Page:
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Photo of girl in soccer uniform
May 14, 2021

Headed in a new direction

Written By: Tom Ziemer

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A teenage soccer player darts toward goal, accelerating away from a defender before leaping into the air, thrusting her head forward and thumping the airborne ball with her forehead past a helpless goalkeeper and into the back of the net. Skill, timing and athleticism converge to produce a textbook header—and a goal.

Christian Franck
Christian Franck

But at what cost to the player?

As awareness of concussions has risen in recent decades—and, more recently, research into the effects of sub-concussive impacts—debates about the safety of heading the ball in soccer have followed.

Christian Franck, the Grainger Institute for Engineering Associate Professor of mechanical engineering, is co-leading a project with researchers in the UW-Madison School of Medicine and Public Health and School of Nursing to examine the ramifications of headers among adolescent soccer players.

It’s part of Franck’s broader quest to define the forces inflicted upon brains and thresholds for injury in concussions and other traumatic brain injuries. In addition to looking at brain strain in soccer and football, Franck is working with companies in the cycling (Trek), construction (Milwaukee Tool) and military (Team Wendy) spaces to inform helmet and hard hat designs.

Current U.S. Youth Soccer rules bar players 10 and under from heading in games and practice, while limiting the number of headers for 11- and 12-year-olds to 25 per week. But the simple fact is the effects of headers haven’t been thoroughly studied in adults, let alone adolescents.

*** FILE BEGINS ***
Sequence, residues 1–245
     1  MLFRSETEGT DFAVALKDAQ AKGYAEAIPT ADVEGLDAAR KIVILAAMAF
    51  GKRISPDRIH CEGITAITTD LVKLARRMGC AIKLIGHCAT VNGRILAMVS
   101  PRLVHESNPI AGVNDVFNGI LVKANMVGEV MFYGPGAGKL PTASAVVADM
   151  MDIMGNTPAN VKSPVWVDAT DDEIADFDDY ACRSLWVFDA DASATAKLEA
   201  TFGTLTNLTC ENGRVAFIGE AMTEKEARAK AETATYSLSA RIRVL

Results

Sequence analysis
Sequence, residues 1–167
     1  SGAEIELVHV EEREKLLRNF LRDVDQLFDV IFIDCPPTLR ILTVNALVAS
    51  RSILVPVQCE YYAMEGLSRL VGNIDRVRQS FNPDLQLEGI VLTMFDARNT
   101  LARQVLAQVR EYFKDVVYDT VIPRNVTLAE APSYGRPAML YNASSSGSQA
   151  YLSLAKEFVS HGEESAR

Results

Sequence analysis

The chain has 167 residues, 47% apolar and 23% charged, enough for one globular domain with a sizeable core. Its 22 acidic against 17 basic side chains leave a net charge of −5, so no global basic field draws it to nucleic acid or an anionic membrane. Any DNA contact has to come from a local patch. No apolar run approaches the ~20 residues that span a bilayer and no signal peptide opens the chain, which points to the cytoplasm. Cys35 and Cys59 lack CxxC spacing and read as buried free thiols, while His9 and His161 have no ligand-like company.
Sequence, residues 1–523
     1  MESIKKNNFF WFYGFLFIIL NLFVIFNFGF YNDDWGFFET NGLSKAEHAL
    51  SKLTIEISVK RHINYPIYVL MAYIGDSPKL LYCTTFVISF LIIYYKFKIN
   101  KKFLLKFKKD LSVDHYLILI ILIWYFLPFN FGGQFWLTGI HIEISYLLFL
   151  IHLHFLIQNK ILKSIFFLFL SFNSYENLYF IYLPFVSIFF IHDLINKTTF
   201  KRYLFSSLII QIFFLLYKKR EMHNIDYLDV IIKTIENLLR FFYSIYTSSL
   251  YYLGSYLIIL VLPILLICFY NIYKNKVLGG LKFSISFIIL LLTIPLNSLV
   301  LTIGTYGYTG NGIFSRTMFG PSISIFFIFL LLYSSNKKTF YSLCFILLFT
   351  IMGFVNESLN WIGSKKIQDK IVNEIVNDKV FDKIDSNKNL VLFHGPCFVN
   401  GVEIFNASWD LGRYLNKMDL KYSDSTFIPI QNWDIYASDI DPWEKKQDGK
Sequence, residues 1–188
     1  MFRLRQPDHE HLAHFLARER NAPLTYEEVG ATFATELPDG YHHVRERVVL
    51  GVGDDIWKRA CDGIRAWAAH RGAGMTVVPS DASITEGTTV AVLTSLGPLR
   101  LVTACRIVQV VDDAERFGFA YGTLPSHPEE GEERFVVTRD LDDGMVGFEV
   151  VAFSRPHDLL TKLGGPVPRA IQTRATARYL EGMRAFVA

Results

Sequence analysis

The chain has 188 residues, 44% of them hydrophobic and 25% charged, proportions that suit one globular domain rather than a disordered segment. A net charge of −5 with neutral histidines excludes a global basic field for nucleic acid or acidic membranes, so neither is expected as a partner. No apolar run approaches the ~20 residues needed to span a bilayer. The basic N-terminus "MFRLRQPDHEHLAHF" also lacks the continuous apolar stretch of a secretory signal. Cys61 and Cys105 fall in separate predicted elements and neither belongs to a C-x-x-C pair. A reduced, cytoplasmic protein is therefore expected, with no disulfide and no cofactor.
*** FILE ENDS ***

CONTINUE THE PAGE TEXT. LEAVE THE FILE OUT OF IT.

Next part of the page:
Using a seed grant from the UW-Madison Office of the Vice Chancellor for Research and Graduate Education, Franck and his collaborators will create computer models using MRI data and outfit players ages 12-17 with protective headbands containing sensors to record data. They’ll then feed those numbers into the computer models to generate brain motion data and see whether that mechanical loading is approaching dangerous levels. As part of the grant, Traci Snedden, an assistant professor in the School of Nursing, is also leading an effort to develop cognitive assessment tests that could help tease out links between brain changes and academic performance.

“I gravitate toward hard problems,” says Franck.

Franck is hoping to pin down the answer to what he calls the “golden question”—how much strain on a neuron is required to cause a concussion—in the next year. “We’re getting super close,” he says.


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